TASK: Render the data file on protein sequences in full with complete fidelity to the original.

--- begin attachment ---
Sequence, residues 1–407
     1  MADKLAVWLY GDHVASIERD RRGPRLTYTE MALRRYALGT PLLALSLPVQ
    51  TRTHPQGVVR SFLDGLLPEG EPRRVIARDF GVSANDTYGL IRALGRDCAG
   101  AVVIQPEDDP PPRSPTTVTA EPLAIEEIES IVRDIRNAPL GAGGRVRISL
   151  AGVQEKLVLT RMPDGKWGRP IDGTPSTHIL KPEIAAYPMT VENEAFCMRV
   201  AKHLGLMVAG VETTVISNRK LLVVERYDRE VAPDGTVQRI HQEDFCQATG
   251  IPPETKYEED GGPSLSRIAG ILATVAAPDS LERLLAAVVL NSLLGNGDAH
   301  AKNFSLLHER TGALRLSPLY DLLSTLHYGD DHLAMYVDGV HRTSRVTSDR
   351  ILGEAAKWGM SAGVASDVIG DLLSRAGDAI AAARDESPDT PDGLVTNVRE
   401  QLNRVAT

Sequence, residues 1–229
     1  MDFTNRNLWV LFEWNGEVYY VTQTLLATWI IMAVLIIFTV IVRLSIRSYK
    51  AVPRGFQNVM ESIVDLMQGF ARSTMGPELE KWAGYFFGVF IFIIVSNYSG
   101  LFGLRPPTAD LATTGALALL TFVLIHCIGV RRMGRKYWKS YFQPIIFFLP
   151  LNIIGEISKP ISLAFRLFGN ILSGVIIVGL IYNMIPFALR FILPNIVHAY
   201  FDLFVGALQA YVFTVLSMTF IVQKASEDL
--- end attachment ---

Sequence, residues 1–407
     1  MADKLAVWLY GDHVASIERD RRGPRLTYTE MALRRYALGT PLLALSLPVQ
    51  TRTHPQGVVR SFLDGLLPEG EPRRVIARDF GVSANDTYGL IRALGRDCAG
   101  AVVIQPEDDP PPRSPTTVTA EPLAIEEIES IVRDIRNAPL GAGGRVRISL
   151  AGVQEKLVLT RMPDGKWGRP IDGTPSTHIL KPEIAAYPMT VENEAFCMRV
   201  AKHLGLMVAG VETTVISNRK LLVVERYDRE VAPDGTVQRI HQEDFCQATG
   251  IPPETKYEED GGPSLSRIAG ILATVAAPDS LERLLAAVVL NSLLGNGDAH
   301  AKNFSLLHER TGALRLSPLY DLLSTLHYGD DHLAMYVDGV HRTSRVTSDR
   351  ILGEAAKWGM SAGVASDVIG DLLSRAGDAI AAARDESPDT PDGLVTNVRE
   401  QLNRVAT

Sequence, residues 1–229
     1  MDFTNRNLWV LFEWNGEVYY VTQTLLATWI IMAVLIIFTV IVRLSIRSYK
    51  AVPRGFQNVM ESIVDLMQGF ARSTMGPELE KWAGYFFGVF IFIIVSNYSG
   101  LFGLRPPTAD LATTGALALL TFVLIHCIGV RRMGRKYWKS YFQPIIFFLP
   151  LNIIGEISKP ISLAFRLFGN ILSGVIIVGL IYNMIPFALR FILPNIVHAY
   201  FDLFVGALQA YVFTVLSMTF IVQKASEDL